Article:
Photo Credit: Jewish Press

It was the famed poet, Chaim Nachman Bialik, who bestowed the name “Egged” on Israel’s fledgling Israeli bus service. Egged, born in 1933 through a merger of four small bus co-operatives, initially serviced Tel Aviv and its immediate environs. Bus services in other cities joined, inter-city lines flourished, and today, nearly 90 years later, Egged has stakes in Poland, Bulgaria and the Netherlands.

The translation of the name simply means “union.” But in Israel’s early days unions, socialism, and communism were serious business. Egged, in fact, was a co-operative owned by the drivers themselves. So if the driver acted as if he owned the bus – well, he really did! An Egged bus driver had status, and was well compensated for his labor. During the Sinai Campaign, the Six-Day War and the Yom Kippur War, Egged drivers drove soldiers and supplies to the battlefronts. Today, special bulletproof busses ferry passengers in Judea and Samaria.

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Only in 2018 did the co-operative finally become a company, and its near monopoly has been broken. Today’s drivers do not have the status or salary of the previous generation. If you ride the buses long enough, you will undoubtedly meet up with some downright rude and reckless chevra. But many of them are still heroes as they steer their vehicles through the hail of rocks and Molotov cocktails. Or when they find 30,000 Shekels in a paper bag on their bus and turn it in to be claimed by a distraught septuagenarian. (It happened last week.)

Rabbi Chaim Zayid, a beloved Israeli rabbi and darshan, relates the following encounter on his bus ride to Ashdod. The bus driver was in a hostile mood and greeted his passengers as they alighted with contempt.

“Why are you fumbling around now for your bus pass? Couldn’t you have taken it out while waiting?”

“Heh. Another one who thinks I have all the time in the world while he searches for his pass like chometz on erev Pesach!”

“C’mon, move inside already. Whatcha waiting for? The Moshiach?”

“And you, lady, don’t try to pass off your kid as under 5 when he’s tall like a bar mitzvah boy.”

The passengers didn’t take this antagonistic behavior sitting down. Literally. They were up in arms, and gave back what they got.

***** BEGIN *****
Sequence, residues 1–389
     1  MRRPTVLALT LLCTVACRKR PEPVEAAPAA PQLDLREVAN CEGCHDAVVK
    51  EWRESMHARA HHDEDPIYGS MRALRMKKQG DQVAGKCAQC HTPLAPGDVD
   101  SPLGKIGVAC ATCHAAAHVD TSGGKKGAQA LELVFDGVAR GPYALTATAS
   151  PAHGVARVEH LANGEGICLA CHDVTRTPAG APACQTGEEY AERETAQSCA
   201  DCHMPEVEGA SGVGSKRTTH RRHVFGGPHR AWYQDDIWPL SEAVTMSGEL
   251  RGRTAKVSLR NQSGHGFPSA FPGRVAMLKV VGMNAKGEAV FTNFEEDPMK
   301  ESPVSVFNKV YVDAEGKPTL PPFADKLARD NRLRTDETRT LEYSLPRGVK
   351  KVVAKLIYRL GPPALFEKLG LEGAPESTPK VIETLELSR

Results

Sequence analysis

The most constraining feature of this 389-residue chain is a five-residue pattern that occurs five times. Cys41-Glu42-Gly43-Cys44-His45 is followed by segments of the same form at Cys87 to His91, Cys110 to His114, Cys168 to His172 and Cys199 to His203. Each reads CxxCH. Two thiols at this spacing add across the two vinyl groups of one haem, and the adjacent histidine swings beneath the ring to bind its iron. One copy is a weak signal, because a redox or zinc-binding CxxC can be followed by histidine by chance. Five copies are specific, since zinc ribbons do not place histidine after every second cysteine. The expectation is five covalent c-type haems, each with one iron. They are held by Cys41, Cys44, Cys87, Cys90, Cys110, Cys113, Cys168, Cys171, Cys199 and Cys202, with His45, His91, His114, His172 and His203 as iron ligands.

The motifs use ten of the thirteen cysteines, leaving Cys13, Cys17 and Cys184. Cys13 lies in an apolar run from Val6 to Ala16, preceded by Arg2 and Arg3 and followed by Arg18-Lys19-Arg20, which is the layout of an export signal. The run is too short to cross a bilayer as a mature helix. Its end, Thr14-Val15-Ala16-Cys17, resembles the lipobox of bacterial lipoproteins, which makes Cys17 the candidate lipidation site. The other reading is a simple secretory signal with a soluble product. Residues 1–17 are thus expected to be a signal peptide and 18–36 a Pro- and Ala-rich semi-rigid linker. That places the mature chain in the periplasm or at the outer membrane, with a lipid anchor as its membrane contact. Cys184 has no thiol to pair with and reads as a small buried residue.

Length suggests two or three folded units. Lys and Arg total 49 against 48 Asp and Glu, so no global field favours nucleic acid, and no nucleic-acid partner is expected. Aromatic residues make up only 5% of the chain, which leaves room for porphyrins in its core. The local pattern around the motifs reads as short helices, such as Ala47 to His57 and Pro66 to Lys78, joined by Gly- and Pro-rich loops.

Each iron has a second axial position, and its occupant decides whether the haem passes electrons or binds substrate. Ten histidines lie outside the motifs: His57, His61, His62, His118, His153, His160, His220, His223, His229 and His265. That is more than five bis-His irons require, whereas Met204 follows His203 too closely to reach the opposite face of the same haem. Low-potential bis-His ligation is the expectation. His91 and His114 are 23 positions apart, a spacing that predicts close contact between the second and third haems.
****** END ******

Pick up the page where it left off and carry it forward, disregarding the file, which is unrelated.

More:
Chatzuf! I’m taking down your number and will send a complaint to your supervisor.”

“Why just the supervisor?” added another. “With a copy to the director general of Egged!”

“And what about complaining to the Ministry of Transportation?” chimed in an elderly lady. “My sister in law’s granddaughter is a secretary in the main office so I even have protekzia there!”

Rav Zayid had heard all the commotion, and as he alighted, he was determined to change the hostile atmosphere. He greeted the driver with his characteristic friendly smile, looked into his troubled eyes, and asked him,

Achi, how are you today? Everything OK?”

The driver melted under Rav Zayid’s sincere concern, and blurted out his story.

“Rabbi, I dunnow what’s come over me. I shouldn’t even be here driving today. My kid was taken to the hospital early this morning by ambulance with convulsions and I’m crazy with worry. I tried to get off work, but my boss wouldn’t let. So my wife took him. I’m totally exasperated because she’s not answering her phone. I’m sweating blood here. Don’t know what’s with my kid. Thinking the worst…”

Rabbi Zayid affectionately squeezed the distraught driver’s hand and asked if he could use the bus’s microphone.

“My dear and loving fellow Jews! Please calm down and return to your seats. Shouting and threatening is not seemly behavior. It won’t get you anywhere – and surely not to Ashdod, our destination. Let our driver drive and I will explain to you why he has behaved in such an anxious manner. ”

Silence replaced belligerent yelling as the whole bus listened respectfully to the Rabbi’s explanation. When they heard the driver’s unfortunate predicament, their anger transformed into sympathy.

“And now,” announced the Rabbi, “Let us all say Tehillim together for the driver’s child and pray that Hashem heal him, along with all other Jews who are in need of healing.”

Rav Zayid led the recitation on the bus, and the same people who had been cursing the driver for his antagonistic behavior were now joined in prayer for the child’s speedy recovery. Passengers were united on the bus whose company name – Egged – means “union.”

Just as the bus rolled into the outskirts of Ashdod, the driver got a call from his wife that baruch Hashem, their son was being released from the hospital!

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Zelda Goldfield is freelance writer living in Jerusalem for over 40 years.